Preserving the peace
Mediation, relief work and political activism
in Freedom and the Fifth Commandment
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A majority of the clergy simply tried to avoid becoming involved in the conflict at all. This was an unremarkable course of action in areas of the country where violence was rare. But even in violent counties such as Cork it was a common attitude. The most pressing concern for most priests most of the time was how to avoid bloodshed in their parishes, and, if blood had already been shed, how to relieve the suffering of their parishioners. This relief work was ostensibly non-partisan, but its emphasis on shared victimhood at the hands of a foreign power was intended to reinforce the message of Irish Catholic unity. The current chapter examines a number of humanitarian clerical responses to political violence and assesses their meaning. It also looks at the wider context. Priestly involvement did not happen in a vacuum. There were other political issues at play, related only indirectly to the struggle for independence, but which were of crucial importance to the clergy.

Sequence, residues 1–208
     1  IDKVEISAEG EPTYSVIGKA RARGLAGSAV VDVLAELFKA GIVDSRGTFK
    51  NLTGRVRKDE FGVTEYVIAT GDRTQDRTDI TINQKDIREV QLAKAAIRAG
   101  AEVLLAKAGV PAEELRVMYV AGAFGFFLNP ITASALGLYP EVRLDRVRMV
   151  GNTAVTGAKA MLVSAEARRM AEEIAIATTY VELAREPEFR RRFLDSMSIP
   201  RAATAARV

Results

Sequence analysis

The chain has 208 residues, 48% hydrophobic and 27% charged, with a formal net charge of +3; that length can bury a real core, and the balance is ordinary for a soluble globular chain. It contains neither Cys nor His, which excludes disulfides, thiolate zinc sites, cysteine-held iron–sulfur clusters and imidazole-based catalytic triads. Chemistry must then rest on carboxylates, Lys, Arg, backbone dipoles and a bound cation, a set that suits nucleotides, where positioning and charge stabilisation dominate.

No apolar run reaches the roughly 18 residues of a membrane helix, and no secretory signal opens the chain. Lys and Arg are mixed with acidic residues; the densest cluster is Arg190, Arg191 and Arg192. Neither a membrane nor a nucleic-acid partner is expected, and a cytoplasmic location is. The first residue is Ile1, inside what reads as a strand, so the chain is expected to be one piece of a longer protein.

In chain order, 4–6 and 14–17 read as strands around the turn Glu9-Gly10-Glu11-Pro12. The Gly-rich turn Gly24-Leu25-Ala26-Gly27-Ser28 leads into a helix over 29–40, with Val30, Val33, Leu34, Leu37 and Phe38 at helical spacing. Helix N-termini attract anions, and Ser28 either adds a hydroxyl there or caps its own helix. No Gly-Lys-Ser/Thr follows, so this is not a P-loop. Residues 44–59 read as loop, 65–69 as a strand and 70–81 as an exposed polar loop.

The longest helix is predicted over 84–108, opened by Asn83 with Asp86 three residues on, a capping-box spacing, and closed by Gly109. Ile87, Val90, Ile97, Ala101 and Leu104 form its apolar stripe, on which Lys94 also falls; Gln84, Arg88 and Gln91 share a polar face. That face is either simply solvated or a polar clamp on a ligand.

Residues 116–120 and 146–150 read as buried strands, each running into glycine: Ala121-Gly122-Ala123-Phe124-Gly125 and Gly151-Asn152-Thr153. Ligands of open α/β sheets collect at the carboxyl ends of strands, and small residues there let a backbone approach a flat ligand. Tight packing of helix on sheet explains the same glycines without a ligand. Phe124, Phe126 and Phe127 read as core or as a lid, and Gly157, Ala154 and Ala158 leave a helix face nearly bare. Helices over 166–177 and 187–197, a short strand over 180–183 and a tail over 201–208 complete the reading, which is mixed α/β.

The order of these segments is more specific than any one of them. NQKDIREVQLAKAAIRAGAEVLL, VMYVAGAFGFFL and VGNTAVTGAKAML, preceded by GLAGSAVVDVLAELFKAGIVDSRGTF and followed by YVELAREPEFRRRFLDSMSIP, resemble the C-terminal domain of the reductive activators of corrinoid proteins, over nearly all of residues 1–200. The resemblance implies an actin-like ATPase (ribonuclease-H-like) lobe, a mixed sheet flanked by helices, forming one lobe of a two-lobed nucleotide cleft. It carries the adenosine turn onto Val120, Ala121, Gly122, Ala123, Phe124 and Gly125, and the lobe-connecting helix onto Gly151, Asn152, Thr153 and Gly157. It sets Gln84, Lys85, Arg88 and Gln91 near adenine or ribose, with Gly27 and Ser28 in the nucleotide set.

Freedom and the Fifth Commandment

Catholic priests and political violence in Ireland, 1919-21

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